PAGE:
On lots of threads regarding change at Disneyland, there is often a cadre of folks who believe that very often, Disneyland makes changes that seem to stray from the original vision Walt had of consistent theming and storytelling.We talk about such things as Starbucks perhaps not being a very good fit on Main Street, or princesses pouring into the Hub, or the less-than-enchanting retooling of the Swiss family treehouse or the incongruity of fictional Edwardian British nannies running 1890s American bakeries.
On the other hand, we have a vocal majority who vociferously support every decision, relying on old saws such as “Disneyland is not a museum,” and suggesting, often sardonically, that the only reason the former people don’t support changes is because of a malady called “nostalgia.”
Now, in addition to saying Disneyland would never be completed, Walt also came forward as a believer in nostalgia, stating “I have always loved the nostalgic, myself. I hope we never lose some of the things of the past.” But today we also see the argument (apparently unrecognized in Walt’s day), that attractions must be “relevant.”
Which brings us to “New Coke.” For the younger amongst us, “New Coke” was a product introduced in the mid-1980s to great fanfare as a sweeter drink meant to compete with Pepsi (i.e., it was thought to be “more relevant”). The original Coke formula that had been used with minor variations since the late 1800s was done away with.
However, it soon became apparent that New Coke was destined to be a marketing failure—one of the biggest the business world had seen. People couldn’t swallow (pun intended) the idea that a cherished national, cultural and historic institution such as Coca-cola could be allowed to change. Coke’s president at the time stated, "The simple fact is that all the time and money and skill poured into consumer research on the new Coca-Cola could not measure or reveal the deep and abiding emotional attachment to original Coca-Cola felt by so many people" (guess those folks were just being nostalgic). Over time, they switched back to the old formula.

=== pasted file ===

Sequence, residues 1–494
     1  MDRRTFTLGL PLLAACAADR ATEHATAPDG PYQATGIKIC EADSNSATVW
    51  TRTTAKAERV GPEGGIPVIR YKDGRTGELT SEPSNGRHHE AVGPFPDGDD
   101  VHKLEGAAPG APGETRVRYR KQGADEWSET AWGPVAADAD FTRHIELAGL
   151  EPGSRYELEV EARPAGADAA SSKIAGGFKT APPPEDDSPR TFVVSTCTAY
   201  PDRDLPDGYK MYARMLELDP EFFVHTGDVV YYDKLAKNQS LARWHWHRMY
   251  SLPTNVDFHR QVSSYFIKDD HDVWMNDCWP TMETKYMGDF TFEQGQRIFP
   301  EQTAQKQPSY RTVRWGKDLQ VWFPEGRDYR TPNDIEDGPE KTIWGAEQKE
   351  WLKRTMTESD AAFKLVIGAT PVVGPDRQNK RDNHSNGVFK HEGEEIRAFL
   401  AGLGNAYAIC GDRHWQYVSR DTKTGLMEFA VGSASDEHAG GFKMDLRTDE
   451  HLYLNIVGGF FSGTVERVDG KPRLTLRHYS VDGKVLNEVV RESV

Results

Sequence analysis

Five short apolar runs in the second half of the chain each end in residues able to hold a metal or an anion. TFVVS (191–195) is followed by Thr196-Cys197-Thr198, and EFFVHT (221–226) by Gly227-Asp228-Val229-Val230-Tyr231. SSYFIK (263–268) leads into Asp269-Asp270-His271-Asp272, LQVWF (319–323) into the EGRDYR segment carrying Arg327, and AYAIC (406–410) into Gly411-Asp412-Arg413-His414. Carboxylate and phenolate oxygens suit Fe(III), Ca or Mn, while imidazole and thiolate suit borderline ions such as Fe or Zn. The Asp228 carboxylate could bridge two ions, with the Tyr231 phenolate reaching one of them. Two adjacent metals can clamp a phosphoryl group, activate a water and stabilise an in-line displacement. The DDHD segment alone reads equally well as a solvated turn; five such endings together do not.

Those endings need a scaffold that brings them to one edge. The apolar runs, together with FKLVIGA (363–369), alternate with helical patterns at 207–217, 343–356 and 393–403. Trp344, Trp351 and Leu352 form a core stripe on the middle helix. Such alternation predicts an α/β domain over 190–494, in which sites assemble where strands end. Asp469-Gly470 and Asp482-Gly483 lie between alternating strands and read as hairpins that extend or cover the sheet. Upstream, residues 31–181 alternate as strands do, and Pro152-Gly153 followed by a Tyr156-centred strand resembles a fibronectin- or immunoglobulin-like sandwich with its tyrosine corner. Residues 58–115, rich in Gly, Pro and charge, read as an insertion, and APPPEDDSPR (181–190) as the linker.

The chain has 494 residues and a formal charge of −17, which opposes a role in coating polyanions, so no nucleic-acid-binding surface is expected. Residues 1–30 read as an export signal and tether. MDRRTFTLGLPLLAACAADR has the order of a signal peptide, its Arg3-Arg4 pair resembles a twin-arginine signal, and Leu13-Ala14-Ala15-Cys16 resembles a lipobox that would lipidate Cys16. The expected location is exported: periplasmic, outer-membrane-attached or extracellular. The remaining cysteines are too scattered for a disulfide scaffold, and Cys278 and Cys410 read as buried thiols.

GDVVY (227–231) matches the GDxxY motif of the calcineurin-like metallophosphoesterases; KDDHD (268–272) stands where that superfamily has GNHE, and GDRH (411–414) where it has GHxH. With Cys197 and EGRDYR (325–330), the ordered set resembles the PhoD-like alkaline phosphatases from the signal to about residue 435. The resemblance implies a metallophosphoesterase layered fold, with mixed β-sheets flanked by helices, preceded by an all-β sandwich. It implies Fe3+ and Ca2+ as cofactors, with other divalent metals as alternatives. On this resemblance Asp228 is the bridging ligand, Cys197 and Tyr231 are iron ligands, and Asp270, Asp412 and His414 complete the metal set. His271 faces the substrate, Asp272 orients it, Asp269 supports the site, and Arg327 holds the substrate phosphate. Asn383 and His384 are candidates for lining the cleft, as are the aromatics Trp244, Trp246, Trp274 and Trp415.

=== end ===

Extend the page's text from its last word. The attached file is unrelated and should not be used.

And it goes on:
To bring this full circle, I find it difficult to understand how the public was so against change with Coke, and yet is so forgiving of any changes made to what is probably an even greater national, cultural and historic institution such as Disneyland. Where is the "deep and abiding emotional attachment" to Disneyland?
A final thought: It had been suggested that any changes in Coke’s flavor or sweetness be made gradually and incrementally, but Coke’s executives at the time thought that would never work. Later, a food scientist studied the issue, and concluded that indeed, gradually changing the beverage would not have been noticed by the public.
With the incremental changes happening in the Park—or declines by degrees, depending on how you see it—it appears the same thing can be said about people’s perception of the very character of Disneyland.